And that Staples where I bought that metal cabinet – it had driven out the little mom and pop office supply store that used to be in the neighborhood. They were able to do that because people like me shop there. As much as I claim to hate it, I supported the rise of multinational chains like Staples. And as much as I deplored that moment of friction between me and my brother the sales guy, I played the game and I bought the cabinet anyway; I gave my consent to de-sanctifying relationships in the service of commerce. And as much as I deplore the extraction of metals and fossil fuels from the earth, I bought that cabinet anyway; I gave my consent to plundering the land in the service of convenience. I believe that it’s wrong to buy something new when I already have something serviceable. I didn’t need that thing. My kids definitely didn’t need that thing – they didn’t care. But I bought it anyway.

I don’t talk about the occupant of the White House, not because what I might say about his sins would not be accurate, but because it would not be useful. The change has to come from us. The change has to come from us.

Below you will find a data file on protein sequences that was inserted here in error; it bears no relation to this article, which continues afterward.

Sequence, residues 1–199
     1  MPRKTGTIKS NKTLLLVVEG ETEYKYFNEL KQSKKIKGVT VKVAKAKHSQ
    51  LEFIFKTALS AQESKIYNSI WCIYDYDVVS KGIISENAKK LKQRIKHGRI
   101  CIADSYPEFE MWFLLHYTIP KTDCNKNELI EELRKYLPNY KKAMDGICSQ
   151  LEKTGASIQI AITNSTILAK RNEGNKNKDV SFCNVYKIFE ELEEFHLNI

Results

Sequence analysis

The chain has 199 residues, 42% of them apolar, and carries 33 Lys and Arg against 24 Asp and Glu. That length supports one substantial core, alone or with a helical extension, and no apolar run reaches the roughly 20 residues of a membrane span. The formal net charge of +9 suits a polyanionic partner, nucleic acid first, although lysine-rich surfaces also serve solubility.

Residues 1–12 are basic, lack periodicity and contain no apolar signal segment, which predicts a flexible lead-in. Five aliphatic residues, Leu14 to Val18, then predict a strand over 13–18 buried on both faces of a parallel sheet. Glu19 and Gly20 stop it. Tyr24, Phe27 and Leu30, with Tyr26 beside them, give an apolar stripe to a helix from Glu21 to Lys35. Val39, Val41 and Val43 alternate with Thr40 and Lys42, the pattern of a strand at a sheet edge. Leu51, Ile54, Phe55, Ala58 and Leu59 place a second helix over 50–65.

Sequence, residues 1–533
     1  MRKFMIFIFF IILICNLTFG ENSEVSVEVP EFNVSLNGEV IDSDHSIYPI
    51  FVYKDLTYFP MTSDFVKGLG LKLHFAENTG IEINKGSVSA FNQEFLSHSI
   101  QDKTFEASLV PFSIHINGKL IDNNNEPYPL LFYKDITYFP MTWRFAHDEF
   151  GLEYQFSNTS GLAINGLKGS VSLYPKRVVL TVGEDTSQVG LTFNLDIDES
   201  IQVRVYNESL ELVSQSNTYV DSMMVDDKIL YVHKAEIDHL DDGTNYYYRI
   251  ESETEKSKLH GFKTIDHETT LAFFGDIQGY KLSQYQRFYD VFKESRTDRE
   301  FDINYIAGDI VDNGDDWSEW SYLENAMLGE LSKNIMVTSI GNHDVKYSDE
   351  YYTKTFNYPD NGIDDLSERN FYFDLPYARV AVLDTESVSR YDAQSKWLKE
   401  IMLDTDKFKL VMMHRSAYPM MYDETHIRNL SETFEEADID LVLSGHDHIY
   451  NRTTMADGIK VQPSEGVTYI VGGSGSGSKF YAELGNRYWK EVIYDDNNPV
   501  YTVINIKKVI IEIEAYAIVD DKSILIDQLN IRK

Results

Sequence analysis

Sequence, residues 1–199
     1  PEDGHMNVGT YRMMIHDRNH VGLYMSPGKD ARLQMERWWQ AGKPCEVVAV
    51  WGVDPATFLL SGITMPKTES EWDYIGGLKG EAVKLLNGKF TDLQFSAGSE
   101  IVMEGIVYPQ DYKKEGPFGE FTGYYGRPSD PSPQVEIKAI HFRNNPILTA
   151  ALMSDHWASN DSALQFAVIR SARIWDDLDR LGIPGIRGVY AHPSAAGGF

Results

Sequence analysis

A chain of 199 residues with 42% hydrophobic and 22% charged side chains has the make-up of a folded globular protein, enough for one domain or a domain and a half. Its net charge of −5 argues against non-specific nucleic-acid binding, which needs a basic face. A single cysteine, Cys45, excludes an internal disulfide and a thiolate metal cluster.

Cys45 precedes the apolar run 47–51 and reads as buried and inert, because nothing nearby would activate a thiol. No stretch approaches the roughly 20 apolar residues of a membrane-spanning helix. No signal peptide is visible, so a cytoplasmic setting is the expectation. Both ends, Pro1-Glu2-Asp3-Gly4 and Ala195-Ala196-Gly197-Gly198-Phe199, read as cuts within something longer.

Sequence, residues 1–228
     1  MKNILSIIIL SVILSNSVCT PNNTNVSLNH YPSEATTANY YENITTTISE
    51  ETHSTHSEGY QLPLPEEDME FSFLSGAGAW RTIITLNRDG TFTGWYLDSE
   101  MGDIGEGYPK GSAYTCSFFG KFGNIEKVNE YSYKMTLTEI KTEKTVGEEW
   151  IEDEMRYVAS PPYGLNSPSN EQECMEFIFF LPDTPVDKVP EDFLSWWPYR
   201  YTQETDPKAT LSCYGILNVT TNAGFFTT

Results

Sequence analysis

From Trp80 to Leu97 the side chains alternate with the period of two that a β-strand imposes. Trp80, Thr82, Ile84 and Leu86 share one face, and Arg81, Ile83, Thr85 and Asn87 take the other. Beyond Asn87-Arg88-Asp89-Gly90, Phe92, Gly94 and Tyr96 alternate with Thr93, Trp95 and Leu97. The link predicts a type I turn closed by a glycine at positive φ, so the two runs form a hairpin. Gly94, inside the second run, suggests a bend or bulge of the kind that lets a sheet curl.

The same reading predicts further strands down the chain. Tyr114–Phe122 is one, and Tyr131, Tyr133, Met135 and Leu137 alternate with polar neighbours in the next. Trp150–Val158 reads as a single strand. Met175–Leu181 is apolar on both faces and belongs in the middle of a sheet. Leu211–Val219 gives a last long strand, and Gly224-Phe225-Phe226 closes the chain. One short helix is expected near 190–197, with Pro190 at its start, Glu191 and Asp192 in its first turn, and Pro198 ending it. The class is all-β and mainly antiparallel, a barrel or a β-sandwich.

This is bad news and it’s good news. It’s bad news because it’s really hard. My family and I all really like that metal cabinet. It’s clean, it’s simple, it has drawers and my kid’s markers and crayons are all neatly contained in those drawers now instead of all over the living room floor. It seems like a reasonable, modest thing to have bought, not a luxury. And most of what we have to change feels just like this. It feels like normal stuff. Absolutely shoulder-shruggingly normal. It doesn’t feel evil. It’s just the way we’ve always done things. It’s our culture. That sense of what’s normal is exactly what has to change. And it’s so hard because it’s so deep inside us. It’s the water we swim in. We have to change not only what we buy, but how we speak, how we spend our time, and ultimately how we think and what we want out of life.

The good news is that we are far more powerful than we think. We don’t have to rely on the government to solve the problems of our world (especially when it’s clearly not going to). We can take matters into our own hands. Some of us have more choice than others, based on our privilege, in what we have to do to get through the day. But every action we take, no matter how small, is dense with meaning because it has a ripple effect. In everything we do we have a chance to advance a love larger than us. What we do together as a community has an even greater ripple effect. What we need is spiritual culture change, and we have opportunities almost every hour of every day to change our culture. In Ann Frank’s words, “How wonderful it is that nobody need wait a single moment before starting to improve the world.